The Huntington Beach City Council on Monday opted not to outsource the city attorney's office.
An independent attorney hired as a consultant told the council that if the city attorney were to sue the city for attempting to outsource her office, she would likely prevail, leaving taxpayers buried in legal bills.
Ultimately, the council took the advice and opted to preserve Jennifer McGrath's office.
Neighboring Costa Mesa, which is in the middle of an outsourcing legal battle with one of its employee associations, contracts with outside legal counsel. However, Costa Mesa's general employees are challenging their pink slips in court.
"The council saved the city hundreds of thousands of dollars," Councilwoman Connie Boardman said of Huntington Beach's decision. "Costa Mesa has spent about $800,000 defending its outsourcing decision."
Costa Mesa council members in support of its approach have said the employee union is to blame for the legal fees because it sued to block the layoffs.
The council met to vote on its budget, and although residents anticipated a discussion on the outsourcing during a later agenda item, many were surprised when Mayor Don Hansen, who pushed for outsourcing, asked the city manager for the outsourcing analysis and findings.
"This is inappropriate," shouted former Mayor Debbie Cook, when Hansen began the discussion, saying that his move was a violation of the state's open-meetings law.
"Our charter wasn't written for your benefit; it was written for the benefit of the citizens of this city," Cook said during the public comment portion of the meeting. "The voters want an elected attorney who has the strength of character to tell you what you need to hear. You want an appointed attorney who will tell you what you want to hear."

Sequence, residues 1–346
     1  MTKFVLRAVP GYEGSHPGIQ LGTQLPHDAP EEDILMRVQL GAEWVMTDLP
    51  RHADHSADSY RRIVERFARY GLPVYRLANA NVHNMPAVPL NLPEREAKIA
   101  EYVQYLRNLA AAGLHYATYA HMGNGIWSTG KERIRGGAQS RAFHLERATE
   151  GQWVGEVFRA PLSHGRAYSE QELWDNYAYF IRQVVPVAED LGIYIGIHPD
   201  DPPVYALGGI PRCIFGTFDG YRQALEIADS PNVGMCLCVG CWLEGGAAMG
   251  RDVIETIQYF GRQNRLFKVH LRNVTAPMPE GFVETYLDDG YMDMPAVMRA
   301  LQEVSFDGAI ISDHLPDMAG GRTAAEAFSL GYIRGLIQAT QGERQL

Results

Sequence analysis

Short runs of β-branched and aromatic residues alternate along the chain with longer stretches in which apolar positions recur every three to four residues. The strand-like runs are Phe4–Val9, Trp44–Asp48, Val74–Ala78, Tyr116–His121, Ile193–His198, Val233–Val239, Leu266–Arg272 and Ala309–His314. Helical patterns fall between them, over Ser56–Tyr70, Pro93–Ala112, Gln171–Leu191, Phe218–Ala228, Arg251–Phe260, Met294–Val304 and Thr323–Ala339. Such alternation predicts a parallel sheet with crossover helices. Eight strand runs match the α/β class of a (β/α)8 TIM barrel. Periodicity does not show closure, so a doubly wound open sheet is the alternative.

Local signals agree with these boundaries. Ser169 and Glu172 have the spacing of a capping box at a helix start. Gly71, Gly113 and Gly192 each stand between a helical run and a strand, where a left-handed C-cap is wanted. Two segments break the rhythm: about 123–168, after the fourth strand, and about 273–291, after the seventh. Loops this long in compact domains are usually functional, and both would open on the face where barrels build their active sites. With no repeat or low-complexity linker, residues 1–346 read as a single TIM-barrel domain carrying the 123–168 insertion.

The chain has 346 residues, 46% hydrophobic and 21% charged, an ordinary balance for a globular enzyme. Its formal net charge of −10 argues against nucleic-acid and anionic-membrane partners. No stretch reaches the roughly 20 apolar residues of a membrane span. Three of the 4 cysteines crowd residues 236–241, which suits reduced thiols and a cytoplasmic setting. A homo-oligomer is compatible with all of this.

Although the council's staff presented a balanced $294.7-million budget, excluding any potential savings from outsourcing McGrath's office, Hansen said the discussion was part of identifying savings and passing the budget.
The council voted in July to look into outsourcing McGrath's office after Hansen said it would help define cost-saving measures.
City Manager Fred Wilson said 12 firms offered their services. Best Best & Krieger was picked for offering to represent the city for $1.6 million for the first year, he said.
Wilson had set up a selection committee, comprised of him and the two assistant city managers, to review the offers made and pick one based on the city's legal needs. McGrath had refused to take part in the selection committee, which made the process difficult for the city manager's office, Wilson said.
The $1.6-million offer provides the city with about $150,000 in savings, excluding McGrath, who's elected, and her administrative assistant's salaries, Wilson said. Her office's budget is $2.1 million.
Hansen proposed moving forward without outsourcing McGrath's office, but recommended that the city transfer $150,000 — the amount it would have saved from hiring Best Best & Krieger — from McGrath's budget to the Police Department, which lost two sworn positions in this round of budget cuts.
Boardman objected, saying the $150,000 is not a concrete number and cast a substitute motion that allowed the city to dip into its reserves to save the two police officers' positions. The two positions would cost the city $350,000.
The council ended up voting 4-3 to keep McGrath's office intact and earmark $350,000 from the reserve for two police officers if needed by some time next year. Hansen, Harper and Councilman Devin Dwyer dissented.
McGrath summed up her reaction in one word: "relieved."